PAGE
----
Next, the Court examined long-established principles regarding changes of water rights and HCU analyses. The Court noted that the amount of water changed must reflect the actual amount of water used and exist within the water’s contemplated use at the time of appropriation. This limitation comes from the principle that water rights derive from both appropriation and beneficial use. Once diverted, the water’s beneficial use becomes the basis, measure, and limit of the water right. The Court also explained that modification of use itself cannot injure other water users. Courts often intertwine these principles, as an expansion of a water right’s previous use often reduces the amount of water in return flow. Thus, established principles allow water rights holders to change only as much water as they historically consumed in the manner contemplated by those rights.
The Court then analyzed whether the County upheld its burden in proving a reliable HCU. The Court first found the County did not accurately report historical consumption of Bailey Farm Inches. As the applicant, the County had to prove that previous users of the Bailey Farm Inches actually used the water as calculated in the HCU analysis. Despite this change, the Court found the inaccurate estimate cast serious doubt on the validity of the remaining figures and, thus, the entire report. The County failed to provide a convincing explanation for their inaccurate HCU. Thus, the Court affirmed the water court’s decision that the County failed to carry its burden of accurately quantifying the amount of Bailey Farm Inches actually used on the Bailey Farm.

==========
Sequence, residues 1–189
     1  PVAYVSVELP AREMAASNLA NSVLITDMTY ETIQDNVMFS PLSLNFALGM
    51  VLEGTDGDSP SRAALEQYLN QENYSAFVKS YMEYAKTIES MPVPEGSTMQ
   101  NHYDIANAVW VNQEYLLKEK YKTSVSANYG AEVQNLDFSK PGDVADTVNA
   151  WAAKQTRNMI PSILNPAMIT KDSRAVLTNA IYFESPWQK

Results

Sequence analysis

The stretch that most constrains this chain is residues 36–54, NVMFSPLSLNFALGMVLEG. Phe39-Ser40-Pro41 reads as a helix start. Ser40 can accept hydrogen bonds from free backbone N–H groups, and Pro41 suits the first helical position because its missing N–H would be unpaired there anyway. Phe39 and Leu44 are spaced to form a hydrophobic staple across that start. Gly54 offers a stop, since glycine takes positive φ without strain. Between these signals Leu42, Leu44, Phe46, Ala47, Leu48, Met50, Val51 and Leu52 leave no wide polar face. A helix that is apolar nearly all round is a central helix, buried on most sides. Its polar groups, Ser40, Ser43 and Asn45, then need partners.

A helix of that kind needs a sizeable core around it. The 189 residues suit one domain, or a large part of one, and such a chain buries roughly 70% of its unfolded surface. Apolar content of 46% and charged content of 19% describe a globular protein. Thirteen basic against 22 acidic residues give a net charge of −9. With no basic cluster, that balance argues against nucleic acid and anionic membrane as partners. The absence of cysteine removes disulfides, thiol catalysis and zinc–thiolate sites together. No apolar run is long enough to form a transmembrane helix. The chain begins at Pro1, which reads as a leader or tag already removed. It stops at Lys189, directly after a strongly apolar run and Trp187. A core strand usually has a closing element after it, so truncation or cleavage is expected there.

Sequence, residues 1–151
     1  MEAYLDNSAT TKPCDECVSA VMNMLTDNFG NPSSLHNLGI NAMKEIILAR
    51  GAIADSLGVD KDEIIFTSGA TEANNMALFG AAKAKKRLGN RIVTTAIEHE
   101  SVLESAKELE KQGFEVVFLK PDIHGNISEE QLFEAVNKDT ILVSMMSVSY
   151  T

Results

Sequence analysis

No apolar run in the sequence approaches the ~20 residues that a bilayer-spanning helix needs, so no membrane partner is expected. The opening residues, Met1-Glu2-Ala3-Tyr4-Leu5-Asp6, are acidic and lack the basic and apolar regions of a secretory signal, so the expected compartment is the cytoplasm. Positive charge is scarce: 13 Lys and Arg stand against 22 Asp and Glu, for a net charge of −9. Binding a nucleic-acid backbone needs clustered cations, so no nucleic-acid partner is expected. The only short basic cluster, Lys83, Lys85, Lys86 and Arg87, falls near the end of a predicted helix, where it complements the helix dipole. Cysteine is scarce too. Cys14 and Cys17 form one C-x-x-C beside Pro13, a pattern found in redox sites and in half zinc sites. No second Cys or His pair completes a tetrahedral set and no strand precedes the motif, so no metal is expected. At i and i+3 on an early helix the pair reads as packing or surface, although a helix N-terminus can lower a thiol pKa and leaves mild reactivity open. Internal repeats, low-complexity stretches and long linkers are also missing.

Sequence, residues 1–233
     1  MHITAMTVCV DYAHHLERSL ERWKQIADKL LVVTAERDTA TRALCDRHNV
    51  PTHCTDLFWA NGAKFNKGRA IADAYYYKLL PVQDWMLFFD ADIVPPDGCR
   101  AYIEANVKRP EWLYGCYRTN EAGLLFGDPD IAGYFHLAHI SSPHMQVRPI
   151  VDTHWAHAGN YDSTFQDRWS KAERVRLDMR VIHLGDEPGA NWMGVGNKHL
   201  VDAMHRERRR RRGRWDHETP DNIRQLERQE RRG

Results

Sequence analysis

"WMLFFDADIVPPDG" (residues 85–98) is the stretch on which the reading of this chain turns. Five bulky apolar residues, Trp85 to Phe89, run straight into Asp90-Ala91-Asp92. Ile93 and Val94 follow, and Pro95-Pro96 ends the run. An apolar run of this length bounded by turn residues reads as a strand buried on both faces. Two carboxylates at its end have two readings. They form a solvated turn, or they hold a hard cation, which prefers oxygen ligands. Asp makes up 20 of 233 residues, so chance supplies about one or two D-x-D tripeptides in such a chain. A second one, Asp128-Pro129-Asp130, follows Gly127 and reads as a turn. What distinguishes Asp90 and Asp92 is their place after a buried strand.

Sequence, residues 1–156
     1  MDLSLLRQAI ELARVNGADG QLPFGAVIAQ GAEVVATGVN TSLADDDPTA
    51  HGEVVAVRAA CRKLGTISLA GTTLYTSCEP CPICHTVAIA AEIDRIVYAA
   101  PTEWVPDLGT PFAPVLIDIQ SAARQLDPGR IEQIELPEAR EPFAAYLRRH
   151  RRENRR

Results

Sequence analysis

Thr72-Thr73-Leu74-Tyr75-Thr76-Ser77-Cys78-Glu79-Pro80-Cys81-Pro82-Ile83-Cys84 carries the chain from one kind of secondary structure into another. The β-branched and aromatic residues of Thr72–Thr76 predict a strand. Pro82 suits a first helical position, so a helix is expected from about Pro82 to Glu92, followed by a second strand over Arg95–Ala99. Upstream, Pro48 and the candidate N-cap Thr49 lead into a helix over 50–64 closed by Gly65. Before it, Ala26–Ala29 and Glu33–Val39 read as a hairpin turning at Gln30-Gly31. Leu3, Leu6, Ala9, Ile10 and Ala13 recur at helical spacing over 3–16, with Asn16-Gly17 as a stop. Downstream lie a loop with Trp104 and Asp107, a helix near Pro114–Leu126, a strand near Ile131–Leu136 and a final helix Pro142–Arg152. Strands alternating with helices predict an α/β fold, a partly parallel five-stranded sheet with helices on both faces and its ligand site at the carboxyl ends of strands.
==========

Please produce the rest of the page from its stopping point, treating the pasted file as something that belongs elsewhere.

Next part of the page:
The Court also held that County did not show the Bailey Farm Inches historically irrigated the entire Bailey Farm. Covering a total of 101 acres, the Bailey Farm existed as two main parcels: a thirty-one-acre parcel and a seventy-acre parcel. To carry its burden, the County had to prove that the 101 acres of the Bailey Farm claimed was within the lawful place of use and historically irrigated with Bailey Farm Inches. The County failed to offer definitive proof that the larger portion of the Bailey Farm in fact received Bailey Farm Inches for irrigation. Specifically, the Court pointed to the lack of evidence on the record demonstrating the seventy-acre parcel received any of the Bailey Farm Inches. Without actual evidence showing past users irrigated the seventy-acre parcel with Bailey Farm Inches, the Court could not accept the analysis. Moreover, the Court also explained that even if the seventy-acre parcel fell within the lawful place of use, the County would still have to prove that the MM water right was actually used on that land over time. At first, different entities appropriated the Bailey Farm Inches to use in different properties. Over time, the owners consolidated the properties. Because of the convoluted past, the water court required an accurate accounting of actual past use. Absent actual proof of historical use, the water court declined to rely on the County’s HCU. In committing these two errors, the County failed to prove the HCU and, thus, failed to prove a lack of injury to other water users.
The Court also rejected the County’s request for an appropriative right of substitution and exchange. The Court found the County could not supplement its augmentation plan through a water lease with the City of Lafayette because the lease alone could not satisfy the County’s replacement obligations.
Accordingly, the Court affirmed the ruling of the water court and denied the County’s change of use application.
Image: A Western irrigation ditch. Flickr User Shaun Fischer, Creative Commons.